Refurnishing Our Furnished Kitchen

Regular readers of my blog will know that I have certain… kitchen issues. For some reason or another, although I never scrutinize the cutlery in restaurants or at other people’s houses, when it comes to my own kitchen– the kitchen I am expected to cook in and eat out of on a daily basis– I prefer to use my own dishes. The special ones. And although I could care less about the bread pans used in local bakeries or whether the cupcake shop uses metal, glass, or plastic mixing bowls to whip up their confections, I’d be hard pressed to bake anything of my own using mixing bowls or baking trays that weren’t mine. You know… the special ones. (Thankfully, this peculiarity of mine extends only to the culinary domain. I am remarkably easy to please when it comes to bathrooms, bedrooms, and living rooms. Is it logical of me to protest drinking out of somebody else’s crockery mug but happily sleep in their bed? Obviously not, but they don’t call it an obsessive compulsive disorder for nothing.)

Anyway.

It goes without saying that, when we moved into our furnished cabin a month ago, I insisted on bringing our own “kitchen things” along. Both the landlords and the previous tenant here raved about how wonderfully stocked the kitchen already was, but I wasn’t convinced. Sure, there was a blender in the cupboard, but was it a Vita-Mix blender? Probably not. And yes, there were pots, pans, baking trays, and even a crock pot at our disposal, but were they dreaded aluminum pots? Were there remnants of other people’s food still crusted onto the baking trays and on the sides of the crock pot? Probably. Hence, I packed up our kitchen “essentials” and assessed the situation for myself upon moving in.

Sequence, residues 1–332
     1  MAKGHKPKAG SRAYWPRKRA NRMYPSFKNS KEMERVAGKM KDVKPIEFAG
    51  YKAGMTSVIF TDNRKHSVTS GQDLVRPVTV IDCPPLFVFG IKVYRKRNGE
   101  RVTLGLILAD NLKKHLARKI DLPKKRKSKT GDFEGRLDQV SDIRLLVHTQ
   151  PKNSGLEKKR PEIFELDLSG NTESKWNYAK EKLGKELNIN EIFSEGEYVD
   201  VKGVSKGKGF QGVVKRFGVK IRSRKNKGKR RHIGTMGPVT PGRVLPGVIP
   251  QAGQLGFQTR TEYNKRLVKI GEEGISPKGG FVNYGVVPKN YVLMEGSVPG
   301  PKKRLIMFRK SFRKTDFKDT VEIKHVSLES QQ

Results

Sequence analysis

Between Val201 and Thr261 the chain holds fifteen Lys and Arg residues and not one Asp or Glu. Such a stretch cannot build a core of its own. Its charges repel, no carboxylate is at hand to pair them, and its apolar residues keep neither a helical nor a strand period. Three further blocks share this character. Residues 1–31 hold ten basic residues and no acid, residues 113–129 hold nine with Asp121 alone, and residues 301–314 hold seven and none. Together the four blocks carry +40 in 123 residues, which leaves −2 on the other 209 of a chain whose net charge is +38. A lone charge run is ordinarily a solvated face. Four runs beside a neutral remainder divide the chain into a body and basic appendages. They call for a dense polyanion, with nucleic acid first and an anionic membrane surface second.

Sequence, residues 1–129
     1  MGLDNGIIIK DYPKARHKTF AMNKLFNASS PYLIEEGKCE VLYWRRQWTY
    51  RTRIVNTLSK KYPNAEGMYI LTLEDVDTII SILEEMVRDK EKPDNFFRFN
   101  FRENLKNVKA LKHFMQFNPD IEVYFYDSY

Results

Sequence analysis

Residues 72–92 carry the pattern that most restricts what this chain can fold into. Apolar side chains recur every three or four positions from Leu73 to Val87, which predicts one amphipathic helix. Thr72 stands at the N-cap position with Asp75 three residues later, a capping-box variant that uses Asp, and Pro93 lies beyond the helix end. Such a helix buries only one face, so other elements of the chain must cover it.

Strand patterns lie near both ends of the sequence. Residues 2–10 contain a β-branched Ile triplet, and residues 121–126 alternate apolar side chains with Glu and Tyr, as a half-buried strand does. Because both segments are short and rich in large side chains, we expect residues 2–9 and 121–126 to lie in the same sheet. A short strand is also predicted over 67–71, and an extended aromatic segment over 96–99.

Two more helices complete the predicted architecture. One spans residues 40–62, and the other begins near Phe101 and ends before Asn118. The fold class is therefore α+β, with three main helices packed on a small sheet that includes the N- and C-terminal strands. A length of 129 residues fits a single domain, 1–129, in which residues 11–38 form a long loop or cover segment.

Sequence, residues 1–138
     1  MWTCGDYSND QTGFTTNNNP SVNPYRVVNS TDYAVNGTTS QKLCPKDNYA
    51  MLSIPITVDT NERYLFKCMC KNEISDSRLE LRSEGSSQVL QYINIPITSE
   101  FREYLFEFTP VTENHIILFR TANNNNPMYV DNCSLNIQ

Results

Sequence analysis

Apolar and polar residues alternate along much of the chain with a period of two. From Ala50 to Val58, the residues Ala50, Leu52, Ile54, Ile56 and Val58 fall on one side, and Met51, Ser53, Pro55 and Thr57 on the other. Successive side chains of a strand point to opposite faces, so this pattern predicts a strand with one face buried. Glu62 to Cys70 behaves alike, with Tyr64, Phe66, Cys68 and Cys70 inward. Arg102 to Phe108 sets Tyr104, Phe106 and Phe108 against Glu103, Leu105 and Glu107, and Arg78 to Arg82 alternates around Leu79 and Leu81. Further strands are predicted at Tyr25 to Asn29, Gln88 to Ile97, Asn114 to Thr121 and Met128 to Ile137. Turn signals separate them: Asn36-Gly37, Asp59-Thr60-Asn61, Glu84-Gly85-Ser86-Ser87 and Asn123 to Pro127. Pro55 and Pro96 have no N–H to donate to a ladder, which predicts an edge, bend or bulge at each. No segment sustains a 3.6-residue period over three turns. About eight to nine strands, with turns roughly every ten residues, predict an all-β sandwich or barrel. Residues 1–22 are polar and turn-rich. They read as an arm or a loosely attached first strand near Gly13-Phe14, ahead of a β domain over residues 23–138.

Sorry. Can't do it.

Inefficient use of cupboard space. Sorry. Can't do it.